Turkey is set to make a "clean break" with the International Monetary Fund by paying off its remaining debt by May, Prime Minister Recep Tayyip Erdogan said on Saturday.
"We have been paying and paying... Right now the debt stands at $860 million (643 million euros)," Erdogan said in televised remarks.
"When we pay the last slice in May, we will zero out the debt and make a clean break," he added.
Erdogan said his Islamic-rooted Justice and Development Party (AKP) government, which took over a $23.5 billion IMF debt when it came to power in 2002, was in talks to loan five billion dollars to the the global institution.
The pay-off would mean a "new era" for Turkey where taxes can be put toward expanding national infrastructure once the debt is cleared, Finance Minister Mehmet Simsek was quoted as saying by Anatolia news agency.
"We have somehow maintained a debt deal (with the IMF) since 1958," he said. "Turkey is now entering a new era by not signing into any programs and clearing its debt completely...Turkey will be climbing up the ladder in a sense."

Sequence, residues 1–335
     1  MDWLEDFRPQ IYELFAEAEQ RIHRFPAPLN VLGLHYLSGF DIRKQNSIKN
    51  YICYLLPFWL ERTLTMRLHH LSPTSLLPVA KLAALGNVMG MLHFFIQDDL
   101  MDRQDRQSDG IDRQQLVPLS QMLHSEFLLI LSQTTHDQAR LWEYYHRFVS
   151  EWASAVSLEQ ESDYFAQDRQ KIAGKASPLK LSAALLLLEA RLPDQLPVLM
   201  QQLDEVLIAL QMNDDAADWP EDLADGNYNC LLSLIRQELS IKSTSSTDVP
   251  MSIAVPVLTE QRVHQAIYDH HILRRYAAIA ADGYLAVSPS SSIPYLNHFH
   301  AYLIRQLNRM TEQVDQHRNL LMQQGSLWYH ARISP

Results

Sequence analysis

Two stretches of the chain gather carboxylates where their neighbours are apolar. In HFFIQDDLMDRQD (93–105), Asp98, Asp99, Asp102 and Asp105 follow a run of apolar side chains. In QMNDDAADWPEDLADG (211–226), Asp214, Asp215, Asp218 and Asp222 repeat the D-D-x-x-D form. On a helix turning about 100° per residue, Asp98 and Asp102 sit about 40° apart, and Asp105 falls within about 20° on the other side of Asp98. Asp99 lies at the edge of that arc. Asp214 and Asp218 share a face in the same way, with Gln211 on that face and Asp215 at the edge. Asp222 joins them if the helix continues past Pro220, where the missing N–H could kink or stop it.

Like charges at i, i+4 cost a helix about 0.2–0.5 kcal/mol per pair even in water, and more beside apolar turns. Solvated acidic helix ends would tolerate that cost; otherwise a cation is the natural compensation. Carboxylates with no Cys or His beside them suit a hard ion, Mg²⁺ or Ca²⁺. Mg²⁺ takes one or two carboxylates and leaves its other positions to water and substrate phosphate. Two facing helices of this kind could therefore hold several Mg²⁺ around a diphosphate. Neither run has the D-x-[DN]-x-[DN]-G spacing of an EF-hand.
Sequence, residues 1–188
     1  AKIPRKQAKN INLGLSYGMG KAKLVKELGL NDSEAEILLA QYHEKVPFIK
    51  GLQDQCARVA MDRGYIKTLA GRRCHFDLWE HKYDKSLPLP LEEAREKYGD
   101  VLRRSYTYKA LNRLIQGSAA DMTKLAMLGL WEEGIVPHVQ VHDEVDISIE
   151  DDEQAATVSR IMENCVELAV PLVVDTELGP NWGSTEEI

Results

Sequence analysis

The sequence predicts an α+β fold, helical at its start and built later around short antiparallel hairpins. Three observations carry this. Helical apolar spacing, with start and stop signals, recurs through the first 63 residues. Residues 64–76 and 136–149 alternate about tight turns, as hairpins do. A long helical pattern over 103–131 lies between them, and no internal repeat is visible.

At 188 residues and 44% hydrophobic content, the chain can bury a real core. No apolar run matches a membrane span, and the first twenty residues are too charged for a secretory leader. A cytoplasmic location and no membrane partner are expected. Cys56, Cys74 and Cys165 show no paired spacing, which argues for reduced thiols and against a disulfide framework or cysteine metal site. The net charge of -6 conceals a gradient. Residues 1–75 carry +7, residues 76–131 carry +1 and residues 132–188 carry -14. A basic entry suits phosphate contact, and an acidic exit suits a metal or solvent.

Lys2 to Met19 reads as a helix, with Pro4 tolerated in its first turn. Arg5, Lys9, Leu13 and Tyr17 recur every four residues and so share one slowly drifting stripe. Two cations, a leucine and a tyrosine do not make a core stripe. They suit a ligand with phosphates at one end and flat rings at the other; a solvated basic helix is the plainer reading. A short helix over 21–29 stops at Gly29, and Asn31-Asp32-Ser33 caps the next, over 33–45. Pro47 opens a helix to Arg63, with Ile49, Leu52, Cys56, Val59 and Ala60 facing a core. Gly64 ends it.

Over the decades, Turkish governments have signed 19 stand-by agreements with the fund for over $50 billion to meet financial challenges.
In 2008, Ankara managed to complete its last stand-by with the IMF, signed in 2005, and refused its aid in 2010, following two years of negotiation with the Washington-based institution.
During that period, the Turkish economy staged a spectacular recovery despite the global financial crisis, growing by 8.9 percent in 2010 and by 8.5 percent in 2011.
Its growth has however slowed down significantly since late 2011, with government forecasting a growth of five percent each for 2014 and 2015 amid its plans for a "soft landing."